English: Gender/Sexuality, BA

The Concentration in Gender, Literature and Culture is designed to allow students to explore the complex effects of gender on the literary text: thus, students choosing this Concentration will not only consider the thematic implications of historically specific gender constructions, but also gender’s effect on literary authorship, on textual reception, and on the development of language itself: on what *can* be said. All students in this Concentration will expose themselves to the range and richness of writing by and about women, since the history of women’s writing is a complex one, filled with struggle, invention, and rebellion. Women have, for instance, not always had access to books, and it is only in the last two centuries that girls have routinely been taught to read and write. With some notable exceptions — the medieval pilgrim Margery Kempe, the Restoration dramatist Aphra Behn — women did not begin writing professionally until the eighteenth century, when rising literacy rates, changing gender roles, and enabled the emergence of a new, exceedingly popular prose form, the novel. It was then that “lady novelists” set the terms for women’s writing, which has ever since been deeply concerned with asking what a woman is and what she can become. Meanwhile, while male dominance of literary production and reception had a drastic effect on the representation of women, it has also, paradoxically, sometimes rendered maleness itself obscure or invisible. Thus, this Concentration is also for students interested in the construction of male gender: courses with a focus on such matters as Elizabethan stage practices, 18th-century theories of consent, Victorian sexuality, post-colonial exploration and conquest, African American masculinities, gays and lesbians in 19th-century America and Asian American gender roles will expose students to the complex dance of both genders in literature and culture.

The minimum total course units for graduation in this major is 33. Double majors may entail more course units.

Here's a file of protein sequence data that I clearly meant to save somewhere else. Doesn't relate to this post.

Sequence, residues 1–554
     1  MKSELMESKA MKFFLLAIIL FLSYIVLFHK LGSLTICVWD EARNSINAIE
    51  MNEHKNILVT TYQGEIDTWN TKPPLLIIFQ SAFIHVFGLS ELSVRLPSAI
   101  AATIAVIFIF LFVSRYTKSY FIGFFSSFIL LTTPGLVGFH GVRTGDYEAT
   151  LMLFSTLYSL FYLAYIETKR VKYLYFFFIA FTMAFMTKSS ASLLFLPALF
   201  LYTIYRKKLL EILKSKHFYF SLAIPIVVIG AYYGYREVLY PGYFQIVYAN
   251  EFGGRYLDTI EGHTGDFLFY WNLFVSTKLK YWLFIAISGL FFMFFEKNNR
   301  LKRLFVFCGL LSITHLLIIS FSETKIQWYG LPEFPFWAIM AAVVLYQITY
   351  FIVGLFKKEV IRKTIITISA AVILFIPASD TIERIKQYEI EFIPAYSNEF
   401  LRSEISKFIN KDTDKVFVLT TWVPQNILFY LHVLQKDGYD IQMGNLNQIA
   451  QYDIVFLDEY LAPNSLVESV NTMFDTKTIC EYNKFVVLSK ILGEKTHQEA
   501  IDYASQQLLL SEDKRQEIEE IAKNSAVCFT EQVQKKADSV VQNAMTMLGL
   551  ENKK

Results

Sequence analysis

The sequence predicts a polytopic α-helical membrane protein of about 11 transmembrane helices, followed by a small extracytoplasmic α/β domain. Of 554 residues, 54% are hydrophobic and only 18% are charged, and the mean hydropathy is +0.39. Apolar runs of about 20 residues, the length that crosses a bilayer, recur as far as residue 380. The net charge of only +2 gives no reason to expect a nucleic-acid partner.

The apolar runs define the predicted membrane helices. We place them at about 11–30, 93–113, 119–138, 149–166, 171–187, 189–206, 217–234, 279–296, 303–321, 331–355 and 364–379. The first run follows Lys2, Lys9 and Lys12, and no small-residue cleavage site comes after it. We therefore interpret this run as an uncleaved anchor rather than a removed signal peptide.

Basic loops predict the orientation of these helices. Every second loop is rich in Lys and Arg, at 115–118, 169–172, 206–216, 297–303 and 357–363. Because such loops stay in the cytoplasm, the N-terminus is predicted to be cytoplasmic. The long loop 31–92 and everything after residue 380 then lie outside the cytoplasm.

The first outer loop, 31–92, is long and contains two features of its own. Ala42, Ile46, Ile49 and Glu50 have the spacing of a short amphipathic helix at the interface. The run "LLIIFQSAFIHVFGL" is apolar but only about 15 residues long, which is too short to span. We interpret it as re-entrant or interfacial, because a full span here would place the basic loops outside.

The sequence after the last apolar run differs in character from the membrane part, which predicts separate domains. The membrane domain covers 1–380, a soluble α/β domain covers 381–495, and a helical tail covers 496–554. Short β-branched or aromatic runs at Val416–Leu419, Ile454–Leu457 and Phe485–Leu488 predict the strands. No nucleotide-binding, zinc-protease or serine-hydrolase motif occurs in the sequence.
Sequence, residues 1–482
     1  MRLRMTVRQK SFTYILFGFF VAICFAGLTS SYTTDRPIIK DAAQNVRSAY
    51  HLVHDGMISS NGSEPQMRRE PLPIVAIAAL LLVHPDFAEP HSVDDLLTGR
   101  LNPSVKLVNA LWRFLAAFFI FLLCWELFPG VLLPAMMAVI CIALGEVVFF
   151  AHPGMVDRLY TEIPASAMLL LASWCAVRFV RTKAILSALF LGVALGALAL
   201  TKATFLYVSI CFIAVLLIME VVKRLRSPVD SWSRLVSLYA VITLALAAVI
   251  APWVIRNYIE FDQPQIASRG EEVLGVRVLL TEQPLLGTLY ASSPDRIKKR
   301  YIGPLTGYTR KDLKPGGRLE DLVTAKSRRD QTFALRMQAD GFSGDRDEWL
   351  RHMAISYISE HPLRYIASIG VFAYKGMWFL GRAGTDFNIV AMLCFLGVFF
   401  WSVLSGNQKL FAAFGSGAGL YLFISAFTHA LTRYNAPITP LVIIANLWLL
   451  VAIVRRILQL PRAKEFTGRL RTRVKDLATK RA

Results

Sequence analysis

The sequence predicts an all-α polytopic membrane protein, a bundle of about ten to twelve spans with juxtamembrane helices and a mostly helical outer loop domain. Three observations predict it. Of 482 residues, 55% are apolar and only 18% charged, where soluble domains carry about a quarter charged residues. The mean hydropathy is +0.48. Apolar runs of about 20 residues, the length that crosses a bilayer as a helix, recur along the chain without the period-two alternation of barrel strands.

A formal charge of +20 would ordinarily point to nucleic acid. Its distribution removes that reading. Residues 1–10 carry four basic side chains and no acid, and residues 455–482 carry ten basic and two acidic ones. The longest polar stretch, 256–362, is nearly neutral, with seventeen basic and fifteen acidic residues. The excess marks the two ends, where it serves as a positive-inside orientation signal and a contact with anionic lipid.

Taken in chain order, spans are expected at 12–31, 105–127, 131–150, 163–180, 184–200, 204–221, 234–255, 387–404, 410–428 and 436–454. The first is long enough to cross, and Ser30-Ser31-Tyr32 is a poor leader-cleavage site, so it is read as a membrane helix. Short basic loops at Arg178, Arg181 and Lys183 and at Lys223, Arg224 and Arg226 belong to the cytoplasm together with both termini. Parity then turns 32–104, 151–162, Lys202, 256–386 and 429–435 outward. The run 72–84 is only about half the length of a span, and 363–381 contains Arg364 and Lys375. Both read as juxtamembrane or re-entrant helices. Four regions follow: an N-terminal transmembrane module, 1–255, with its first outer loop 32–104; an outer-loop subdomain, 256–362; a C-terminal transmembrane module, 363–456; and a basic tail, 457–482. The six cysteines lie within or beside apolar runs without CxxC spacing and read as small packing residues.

For information about the General Education requirements, please visit the College of Arts & Sciences Curriculum page.

For information about the General Education requirements, please visit the College of Arts & Sciences Curriculum page.

College General Education Requirements and Free Electives
Foundational Approaches + Sectors + Free Electives20
Major Requirements
Core Requirement 1
Select one course in each sector from ENGL 0010-ENGL 5999, except 3000-3999:6
Sector 1 - Theory & Poetics (Attribute: AETP)
Sector 2 - Difference and Diaspora (Attribute: AEDD)
Sector 3 - Medieval/Renaissance (Attribute: AEMR)
Sector 4 - Literature of the Long 18th Century (Attribute: AE18)
Sector 5 - 19th Century Literature (Attribute: AE19)
Sector 6 - 20th Century Literature (Attribute: AE19)
The One Series (TOS) 2
ENGL 4500-49981
Early-Period Seminars 3
ENGL 0300-0399; 0500-0599; 0700-0799; 2000-2999; 4500-4998; 5000-59992
Seminar 1: Literature Before 1700 (Attribute: AEB7)
Seminar 2: Literature Before 1900 (AEB7, AEB9)
Literature Seminar Electives 4
ENGL 0051; 0300-0399; 0500-0599; 0700-0799; 2000-2999; 3000-3999; 4000-4998; 5000-59992
Seminar 3: Any Literature Seminar
Seminar 4: Any Literature Seminar
Electives 5
ENGL 0010-ENGL 59992-4
Concentration Requirements 6
Four courses ENGL 0010-5999 with attribute AEGS
Total Course Units33

You will need to take one course to fulfill each sector of the Major Core, six in total. Two of these courses may double-count with your Literature Seminar Electives. Creative Writing Seminars cannot count in the Major Core.


The One Series seminar (TOS) cannot double-count in the Major Core. However, if you take a second TOS course, your additional TOS may count as a Literature Seminar or an Elective.


These Early-Period Seminars may NOT double-count in the Core.


These Seminar Electives may be double-counted in the Core.


The rest of your 13 c.u. for the English Major will be met with Electives. If none of your seminars are being double-counted in the Core, you will only need two Electives. For each double-counting course, you will need to add an Elective, for a maximum of four, to reach 13 c.u. With the approval of your Major Advisor, you may count up to two courses outside of English toward the Major. Courses in Linguistics (LING) and in Literatures not in English may count; in the case of Non-English Literatures, the courses should ideally be crosslisted (“Also offered As”) with ENGL, or you may obtain the permission from your Major advisor.


Concentration may be comprised from the 13 c.u. of the Major, or other courses.


Applicants must have a 3.6 GPA in the major. Thesis required.


The degree and major requirements displayed are intended as a guide for students entering in the Fall of 2023 and later. Students should consult with their academic program regarding final certifications and requirements for graduation.